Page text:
2 cloves of garlic
1 tablespoon vegetable oil
2 cups chopped mushrooms (I used baby portobello mushrooms)
1/2 cup du Puy lentils (French lentils)
3/4 cup barley
1 tablespoon each thyme and oregano
2 bay leaves
Fresh ground pepper
4-5 cups vegetable stock or water
2 cups fresh spinach, chopped

Saute the onion, garlic and mushrooms in vegetable oil until the onions are soft and starting to carmelize. Add in the lentils, barley, herbs and vegetable stock or water. Cook over medium heat, stirring, until the lentils are soft, about 15 minutes. If you want a “soupier” dish, add more water at this stage. Remove from heat and stir in the spinach. Serve with salad and toast for a delicious, warming lunch or dinner.

December 19, 2013 at 11:40 am Leave a comment

Autumn cup squash (risotto + soup)

Autumn cup – isn’t that a perfect name for a squash? Also known as buttercup, kabocha or turban squash, it tastes similar to butternut squash, but with a smoother, sweeter, and in my opinion, more delicious flavour. Dark green on the outside, bright yellowy-orange flesh inside – it is as gorgeous thing to look at as it is to eat.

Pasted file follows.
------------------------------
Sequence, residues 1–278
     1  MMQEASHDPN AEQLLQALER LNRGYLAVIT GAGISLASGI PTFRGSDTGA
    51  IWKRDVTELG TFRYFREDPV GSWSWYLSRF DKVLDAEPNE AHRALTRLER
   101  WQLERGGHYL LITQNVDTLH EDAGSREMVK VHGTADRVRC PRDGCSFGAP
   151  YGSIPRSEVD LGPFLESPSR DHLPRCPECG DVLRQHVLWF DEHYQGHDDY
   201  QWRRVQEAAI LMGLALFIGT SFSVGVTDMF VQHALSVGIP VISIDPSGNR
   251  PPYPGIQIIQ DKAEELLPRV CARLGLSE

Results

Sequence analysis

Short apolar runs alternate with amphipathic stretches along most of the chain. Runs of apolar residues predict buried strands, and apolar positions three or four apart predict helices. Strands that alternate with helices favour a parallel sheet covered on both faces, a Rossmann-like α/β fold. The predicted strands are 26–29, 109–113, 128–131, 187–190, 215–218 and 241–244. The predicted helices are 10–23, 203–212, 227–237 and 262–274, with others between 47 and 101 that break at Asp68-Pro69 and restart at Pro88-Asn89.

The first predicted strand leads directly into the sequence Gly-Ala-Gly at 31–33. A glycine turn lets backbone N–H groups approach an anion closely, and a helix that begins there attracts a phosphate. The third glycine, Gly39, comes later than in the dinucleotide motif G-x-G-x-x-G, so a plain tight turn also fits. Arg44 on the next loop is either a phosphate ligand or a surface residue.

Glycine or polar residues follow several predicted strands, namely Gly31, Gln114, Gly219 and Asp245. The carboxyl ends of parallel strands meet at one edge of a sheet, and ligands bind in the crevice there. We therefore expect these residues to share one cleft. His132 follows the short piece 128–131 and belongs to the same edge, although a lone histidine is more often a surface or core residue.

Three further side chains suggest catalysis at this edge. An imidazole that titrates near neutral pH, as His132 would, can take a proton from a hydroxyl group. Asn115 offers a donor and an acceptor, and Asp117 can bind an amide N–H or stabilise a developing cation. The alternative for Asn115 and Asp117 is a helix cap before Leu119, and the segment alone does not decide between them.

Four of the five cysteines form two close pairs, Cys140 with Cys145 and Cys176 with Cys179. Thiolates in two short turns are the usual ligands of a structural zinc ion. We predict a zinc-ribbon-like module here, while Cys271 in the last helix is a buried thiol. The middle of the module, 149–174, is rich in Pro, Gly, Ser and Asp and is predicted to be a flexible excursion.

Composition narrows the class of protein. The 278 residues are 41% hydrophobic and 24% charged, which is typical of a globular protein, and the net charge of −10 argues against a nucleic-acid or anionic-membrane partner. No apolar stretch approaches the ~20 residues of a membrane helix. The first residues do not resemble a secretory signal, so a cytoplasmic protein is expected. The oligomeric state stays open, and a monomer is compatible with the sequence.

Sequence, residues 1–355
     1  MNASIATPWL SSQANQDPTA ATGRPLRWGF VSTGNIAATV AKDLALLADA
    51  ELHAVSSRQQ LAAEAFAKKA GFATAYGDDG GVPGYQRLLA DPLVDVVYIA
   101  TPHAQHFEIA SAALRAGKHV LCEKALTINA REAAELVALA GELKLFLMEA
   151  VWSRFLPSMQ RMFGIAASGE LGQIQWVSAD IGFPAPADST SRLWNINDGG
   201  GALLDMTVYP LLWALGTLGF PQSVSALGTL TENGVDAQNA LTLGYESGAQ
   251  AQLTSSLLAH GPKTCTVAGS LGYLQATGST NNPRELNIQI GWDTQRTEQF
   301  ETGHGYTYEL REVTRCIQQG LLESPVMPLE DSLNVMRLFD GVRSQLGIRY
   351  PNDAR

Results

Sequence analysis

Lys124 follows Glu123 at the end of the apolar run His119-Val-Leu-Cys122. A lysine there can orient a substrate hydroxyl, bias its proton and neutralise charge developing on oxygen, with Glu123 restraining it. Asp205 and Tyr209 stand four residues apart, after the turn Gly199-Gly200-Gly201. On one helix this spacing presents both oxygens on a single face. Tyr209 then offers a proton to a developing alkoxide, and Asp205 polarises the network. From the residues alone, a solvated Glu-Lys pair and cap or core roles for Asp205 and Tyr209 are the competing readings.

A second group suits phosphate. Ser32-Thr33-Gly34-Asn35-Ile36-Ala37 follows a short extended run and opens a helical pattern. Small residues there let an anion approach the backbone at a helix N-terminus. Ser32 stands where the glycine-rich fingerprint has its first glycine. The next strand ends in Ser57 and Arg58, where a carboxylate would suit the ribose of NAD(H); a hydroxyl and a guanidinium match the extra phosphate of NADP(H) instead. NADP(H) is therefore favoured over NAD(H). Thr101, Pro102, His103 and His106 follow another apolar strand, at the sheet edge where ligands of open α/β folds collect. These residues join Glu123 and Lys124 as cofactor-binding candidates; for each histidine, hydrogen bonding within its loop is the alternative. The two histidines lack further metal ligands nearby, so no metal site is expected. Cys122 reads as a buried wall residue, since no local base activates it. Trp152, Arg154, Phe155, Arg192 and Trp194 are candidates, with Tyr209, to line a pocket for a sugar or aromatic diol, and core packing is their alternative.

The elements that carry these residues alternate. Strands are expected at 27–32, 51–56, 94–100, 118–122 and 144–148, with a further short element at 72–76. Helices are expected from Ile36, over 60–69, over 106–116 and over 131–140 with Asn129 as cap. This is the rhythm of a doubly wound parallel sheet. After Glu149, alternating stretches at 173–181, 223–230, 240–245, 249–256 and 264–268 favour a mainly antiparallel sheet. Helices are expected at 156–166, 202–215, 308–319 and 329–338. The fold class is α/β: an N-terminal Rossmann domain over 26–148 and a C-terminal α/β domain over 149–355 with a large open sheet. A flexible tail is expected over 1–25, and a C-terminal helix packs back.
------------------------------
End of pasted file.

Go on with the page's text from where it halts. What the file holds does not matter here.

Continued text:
Here are two recipes that will take you through one squash: a risotto flavoured with kale, caramelized onions, and fresh chives, and a soup made from roasted squash, ginger, and paprika. Warm and yum!

Autumn Cup Squash Risotto (inspired by the Acorn Squash Risotto in my favourite Italian cookbook, Mario Batali’s Molto Italiano)

Serves 6

1/4 cup olive oil
1 onion, diced
1/2 of a autumn cup / kabocha squash, peeled, seeded and cut into small cubes
1-1/2 cups arborio rice
1/2 cup dry white wine
8 cups vegetable stock
1/2 cup parmigiano-reggiano cheese, grated*
1 cup kale, finely chopped